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FINE ART
The scope and brilliancy of the interior and especially exterior frescoes decorating the monasteries of Northern Moldavia (15th- 16th cent.)-Voronet, Moldovita, Sucevita, Arbore, Humor, or Patrauti made the great Byzantine culture scholar Andre Grabar consider this artistic phenomenon “an illustrated book open on all its pages.” Belonging in the same class are the old local icons, the painting of churches in sub-Carpathian Oltenia-Cozia, Hurezi, Tismana and others- and the famous folk icons painted on glass in 18th-19th century Transylvania.
Modern Romanian sculpture has Constantin Brancusi as its main figure, the artist who initiated the restructuring of the world’s sculptural language in the 20th century.
OLD BOOKS
The museums of the monasteries in Romania preserve most valuable illuminated manuscripts in the Slavonic, Greek and Romanian languages.
In the first decades of the 14th century printing presses were set up in Bucharest, Targoviste, Brasov, Iasi, Alba Iulia, Ramnic, Buzau, Blaj.
Parliament House - Romania
LITERATURE
The beginnings of Romanian original cultured literature date back to the 17th -18th centuries, when colorful works full of historical wisdom were produced by the chroniclers Grigore Ureche (1590-1647), Miron Costin (1633-1691), Ion Neculce (1672 -1745), the humanist Constantin Cantacuzino (1640-1714) and especially the scholarly Prince Dimitrie Cantemir (1673-1723), a famous writer,historian and philosopher, member of the Berlin Academy. The string of scholars concerned to assert the Latin origin and identity of the Romanian nation continued with the representatives of the Transylvanian School-Samuil Micu (1745-1806), Gheorghe Sincai (1754-1816),Petru Maior(1756-1821),and Ion Budai Deleanu (1760-1820), author of an ample and rather strange heroic-comical poem titled Tiganiada (The Gypsies Saga).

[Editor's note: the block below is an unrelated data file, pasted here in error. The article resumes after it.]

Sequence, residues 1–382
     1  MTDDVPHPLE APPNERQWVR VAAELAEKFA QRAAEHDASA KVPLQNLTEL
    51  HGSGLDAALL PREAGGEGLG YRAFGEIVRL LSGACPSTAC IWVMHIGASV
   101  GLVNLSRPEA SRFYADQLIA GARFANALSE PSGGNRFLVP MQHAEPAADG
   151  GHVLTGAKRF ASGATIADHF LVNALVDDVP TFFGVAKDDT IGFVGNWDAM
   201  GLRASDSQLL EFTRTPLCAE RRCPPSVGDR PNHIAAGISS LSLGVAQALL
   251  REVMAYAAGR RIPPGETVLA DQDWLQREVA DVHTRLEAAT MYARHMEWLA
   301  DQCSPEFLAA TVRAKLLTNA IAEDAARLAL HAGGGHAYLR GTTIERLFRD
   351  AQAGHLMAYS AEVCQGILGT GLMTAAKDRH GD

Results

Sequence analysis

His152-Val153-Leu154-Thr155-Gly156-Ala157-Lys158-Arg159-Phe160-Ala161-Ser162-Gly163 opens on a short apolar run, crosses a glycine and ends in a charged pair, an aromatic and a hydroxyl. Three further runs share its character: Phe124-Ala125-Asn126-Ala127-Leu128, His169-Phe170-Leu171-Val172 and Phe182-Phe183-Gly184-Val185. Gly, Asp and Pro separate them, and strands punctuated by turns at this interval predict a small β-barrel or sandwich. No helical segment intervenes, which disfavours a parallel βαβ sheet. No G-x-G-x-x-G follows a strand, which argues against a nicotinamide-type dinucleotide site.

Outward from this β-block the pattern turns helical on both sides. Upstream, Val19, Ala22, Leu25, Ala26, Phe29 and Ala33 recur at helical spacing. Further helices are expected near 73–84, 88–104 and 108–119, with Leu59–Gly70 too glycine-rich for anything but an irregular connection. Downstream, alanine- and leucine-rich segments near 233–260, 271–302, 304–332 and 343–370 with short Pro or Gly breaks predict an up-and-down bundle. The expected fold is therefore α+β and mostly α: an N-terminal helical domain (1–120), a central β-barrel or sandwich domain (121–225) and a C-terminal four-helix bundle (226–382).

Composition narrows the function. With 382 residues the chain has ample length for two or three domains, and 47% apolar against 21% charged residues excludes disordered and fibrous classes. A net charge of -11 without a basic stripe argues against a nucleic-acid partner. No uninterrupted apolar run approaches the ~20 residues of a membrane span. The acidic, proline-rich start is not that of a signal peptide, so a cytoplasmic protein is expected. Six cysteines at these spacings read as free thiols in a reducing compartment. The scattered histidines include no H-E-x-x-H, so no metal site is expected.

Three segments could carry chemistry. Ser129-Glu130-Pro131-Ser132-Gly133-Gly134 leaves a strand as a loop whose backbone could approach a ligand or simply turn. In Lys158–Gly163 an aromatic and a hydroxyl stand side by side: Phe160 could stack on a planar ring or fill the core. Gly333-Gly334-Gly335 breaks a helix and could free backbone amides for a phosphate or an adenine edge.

MUSIC
Archaeological sources, documents and iconographic testimonies attest to the existence of a well-individualized musical culture in pre-Roman and Roman Dacia. The growing Daco – Ro Tiberiuman population north of the Danube led to the development of religious music.
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